Stand up for trucking

The 2013 federal election, to be held on 14 September, will be critical for the future of the trucking industry. It’s time for everyone in the industry to stand up for trucking.

Our most critical election issue is the Carbon Tax. The Labor Government wants to extend its Carbon Tax to the fuel we use. Trucking operators would have to pay another seven cents per litre in effective fuel tax. This would cost the industry $510 million in the first year, and would be a massive hit to small trucking businesses.

The Government expects trucking businesses to respond to the Carbon Tax by switching to alternative fuels. But it has done nothing to remove the major hurdles facing businesses that want to use these fuels:

• many truck engine manufacturers do not recommend using fuel with more than 5 per cent biodiesel in their equipment
• it’s hard to get biodiesel and biodiesel blends, and
• other options, like using LNG or diesel-electric hybrids, are not viable for long haul operations.

Most trucking operators would be left with trying to pass the tax on to their customers, but small trucking business are typically price takers, not price makers. They lack the power in the marketplace to set their prices to recover cost increases.

The Government’s plan would cause more small trucking businesses to go out of business. This would be a tragedy for the people involved. It would reduce the industry’s flexibility and productivity, and would ultimately raise transport costs for everyone.

The ATA is urging the Labor Government to change its mind and abandon its plan to extend the carbon tax to trucks. The Coalition has already announced that it would, if elected, repeal the Carbon Tax completely.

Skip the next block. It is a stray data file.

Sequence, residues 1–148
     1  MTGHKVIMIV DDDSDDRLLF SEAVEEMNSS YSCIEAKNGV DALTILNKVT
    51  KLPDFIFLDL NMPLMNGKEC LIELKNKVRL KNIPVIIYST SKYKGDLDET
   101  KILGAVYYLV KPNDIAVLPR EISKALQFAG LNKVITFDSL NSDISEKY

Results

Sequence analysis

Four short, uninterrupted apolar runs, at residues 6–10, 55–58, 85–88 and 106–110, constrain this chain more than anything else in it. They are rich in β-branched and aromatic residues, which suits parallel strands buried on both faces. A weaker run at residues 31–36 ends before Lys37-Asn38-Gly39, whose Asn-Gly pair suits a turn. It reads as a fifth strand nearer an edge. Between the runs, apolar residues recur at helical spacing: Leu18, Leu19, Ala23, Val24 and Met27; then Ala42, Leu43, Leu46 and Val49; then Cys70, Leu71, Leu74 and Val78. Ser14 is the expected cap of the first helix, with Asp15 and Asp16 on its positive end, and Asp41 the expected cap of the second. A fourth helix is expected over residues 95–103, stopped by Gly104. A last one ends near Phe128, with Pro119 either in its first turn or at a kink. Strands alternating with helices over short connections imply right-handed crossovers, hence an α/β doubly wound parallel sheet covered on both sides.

The ATA is also urging both sides of politics to come up with plans to build better, safer and more affordable roads.

Australia can’t go on with its existing road planning and funding system. Too many road-planning decisions are determined by short-term considerations, like the amount of money in this year’s budget or the need to get something built before the next election, rather than on the basis of long term plans.
There are also serious problems with the way we are charged to use the roads.

The very high registration charges raise cash flow issues for small businesses, who have to find the amount as a single lump sum. Further, the information the state governments provide the NTC to calculate our charges is not audited or benchmarked to give them a reason to get the best value for money. Their returns are riddled with errors as well, because no one checks them.

Australia’s Governments are working on a new charging system, but it could be worse than the one we have now. Their favoured option, mass-distance-location pricing, would see every truck fitted with a regulatory GPS device. Trucking operators would receive invoices based on the distance their trucks travelled, the roads they used and some sort of assessment of their mass.

Government research shows this reform would have negative economic benefits. It would drag Australia backwards, but they’re still looking at it.

The ATA is calling on both sides of politics to announce they would, if elected:

• develop target standards for each tier of the road system, and set those standards so we can use high productivity vehicles on appropriate roads;
• only move to a system like mass-distance-location pricing if there is a proven business case;
• decrease truck registration charges to reduce the cash flow impact of yearly registration payments. The reduction in government revenue could be offset by increasing fuel charges, which at least we pay throughout the year, and
• put in place a review process for the figures the state and territory governments provide the NTC.

We need your help to stop Labor’s Carbon Tax on trucks and get better, safer and more affordable roads.  Find out how you can join the ATA’s campaign and stand up for trucking by visiting www.truck.net.au/2013election.

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